Be kind to people with restrictions
Several people described difficult health issues that make eating outside your own home more burdensome and even scary, including celiac disease, an autoimmune condition that causes people’s immune systems to violently attack their small intestine whenever they eat gluten. And it certainly doesn’t help when these kinds of dietary needs are met with an eye roll.
Brenda Meng has Crohn’s disease, a chronic inflammatory bowel disease that affects the lining of the digestive tract. Painful symptoms can be triggered by fatty or sugary foods, as well as dairy. “So any holiday meal that we don’t host is fraught with food landmines.” On Thanksgiving, she eats around things that might make her sick, but she usually tries to simply host the meal — since it’s bound to be less risky.
Valerie Habel Szach wrote in about her incurable bladder disease, interstitial cystitis, that forces her to follow a restricted diet. “Eating the wrong foods can send me into a very painful flare for a few days. So please don’t criticize all people who have to eat a special diet,” she says. She has been respectfully declining Thanksgiving dinner invites for years so as not to complicate dinner for the cook. “It’s not about what I do or don’t like, it’s about what I can and cannot eat,” she wrote.
In today’s fraught dietary landscape, many said it’s best to keep your snark about others’ food choices to yourself.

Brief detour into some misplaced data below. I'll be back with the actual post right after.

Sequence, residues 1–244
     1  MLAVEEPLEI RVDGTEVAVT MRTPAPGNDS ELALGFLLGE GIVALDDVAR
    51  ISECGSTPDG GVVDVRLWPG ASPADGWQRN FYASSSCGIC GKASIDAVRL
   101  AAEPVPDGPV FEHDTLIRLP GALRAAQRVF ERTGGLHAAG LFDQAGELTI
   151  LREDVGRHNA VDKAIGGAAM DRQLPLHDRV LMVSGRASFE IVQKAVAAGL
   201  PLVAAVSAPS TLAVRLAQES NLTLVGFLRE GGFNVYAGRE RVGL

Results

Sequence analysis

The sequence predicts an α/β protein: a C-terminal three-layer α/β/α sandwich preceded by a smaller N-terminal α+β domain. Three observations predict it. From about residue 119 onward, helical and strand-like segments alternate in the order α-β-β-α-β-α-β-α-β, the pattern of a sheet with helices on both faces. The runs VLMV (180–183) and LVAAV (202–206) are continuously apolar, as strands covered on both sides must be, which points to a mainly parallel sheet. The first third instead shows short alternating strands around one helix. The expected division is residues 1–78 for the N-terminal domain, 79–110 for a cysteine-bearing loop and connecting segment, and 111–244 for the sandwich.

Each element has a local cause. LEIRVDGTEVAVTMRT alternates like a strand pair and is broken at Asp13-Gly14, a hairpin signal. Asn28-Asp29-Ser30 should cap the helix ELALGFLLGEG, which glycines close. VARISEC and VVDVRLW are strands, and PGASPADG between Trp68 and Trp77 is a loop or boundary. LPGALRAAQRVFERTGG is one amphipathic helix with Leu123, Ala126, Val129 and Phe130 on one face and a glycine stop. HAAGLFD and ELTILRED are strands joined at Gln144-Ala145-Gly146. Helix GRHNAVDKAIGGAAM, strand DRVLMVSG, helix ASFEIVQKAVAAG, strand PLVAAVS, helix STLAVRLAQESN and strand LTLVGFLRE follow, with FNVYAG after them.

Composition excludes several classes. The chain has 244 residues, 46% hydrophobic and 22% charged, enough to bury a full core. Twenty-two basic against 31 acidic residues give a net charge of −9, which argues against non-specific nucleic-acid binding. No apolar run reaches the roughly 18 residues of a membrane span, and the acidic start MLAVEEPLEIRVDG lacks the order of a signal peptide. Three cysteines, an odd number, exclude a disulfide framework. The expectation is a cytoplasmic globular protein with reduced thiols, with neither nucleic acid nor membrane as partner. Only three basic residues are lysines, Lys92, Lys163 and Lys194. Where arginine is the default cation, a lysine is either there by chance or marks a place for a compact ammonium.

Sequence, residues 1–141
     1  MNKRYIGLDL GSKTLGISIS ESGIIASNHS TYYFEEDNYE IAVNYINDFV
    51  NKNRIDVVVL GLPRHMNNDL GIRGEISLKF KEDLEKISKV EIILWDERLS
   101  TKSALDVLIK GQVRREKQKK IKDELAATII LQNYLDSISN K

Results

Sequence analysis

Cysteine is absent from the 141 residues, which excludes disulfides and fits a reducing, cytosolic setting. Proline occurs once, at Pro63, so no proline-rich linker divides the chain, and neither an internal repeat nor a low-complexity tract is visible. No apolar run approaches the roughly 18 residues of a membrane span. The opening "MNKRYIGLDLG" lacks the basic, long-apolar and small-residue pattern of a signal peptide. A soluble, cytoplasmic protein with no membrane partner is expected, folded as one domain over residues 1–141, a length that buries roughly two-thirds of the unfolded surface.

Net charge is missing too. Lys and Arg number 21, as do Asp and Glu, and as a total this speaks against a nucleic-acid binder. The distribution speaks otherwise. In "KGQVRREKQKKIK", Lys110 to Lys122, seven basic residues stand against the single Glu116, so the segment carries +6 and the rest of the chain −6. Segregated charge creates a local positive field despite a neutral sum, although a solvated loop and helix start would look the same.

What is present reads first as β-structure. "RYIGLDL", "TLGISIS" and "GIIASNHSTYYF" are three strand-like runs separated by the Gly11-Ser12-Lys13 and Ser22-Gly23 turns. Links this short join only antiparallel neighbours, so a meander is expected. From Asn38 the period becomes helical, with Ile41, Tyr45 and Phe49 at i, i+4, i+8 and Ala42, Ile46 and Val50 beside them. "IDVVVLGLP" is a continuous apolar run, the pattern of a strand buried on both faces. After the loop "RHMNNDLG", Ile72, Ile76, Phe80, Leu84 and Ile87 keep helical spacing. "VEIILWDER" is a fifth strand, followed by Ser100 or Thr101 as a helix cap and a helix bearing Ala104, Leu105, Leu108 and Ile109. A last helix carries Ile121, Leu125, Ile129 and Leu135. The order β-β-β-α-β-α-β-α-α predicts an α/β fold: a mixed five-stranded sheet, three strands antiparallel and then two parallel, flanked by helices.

“I have a handful of allergies and a chronic esophagitis condition which means there is a complicated list of foods I should not eat,” wrote Jeffrey Small. “Nobody likes to hear comments about the food they have selected. If I say ‘No. Thank you,’ that means ‘No. Thank you.’”
“I don’t sweat my limitations and wish others didn’t either,” wrote Christine Kintner. “The only thing I dislike is if people snidely call attention to my eating or lack thereof, as the case may be. Thank god I can still have wine, haha! And I am blessed to have understanding family on both sides.”
Educate yourself about respecting food restrictions in the kitchen and at the grocery store
While some food restrictions may be a matter of lifestyle choice, others can be a matter of life and death, says Schnur Birkholz, a parent of children who had multiple infant and early childhood allergies.
Educating yourself about how to respect food restrictions is another must these days, you said.
Evelyn Stice suggested cleaning the kitchen before, during, and after cooking, as well as ensuring every dish has its own clean utensils to avoid cross-contamination.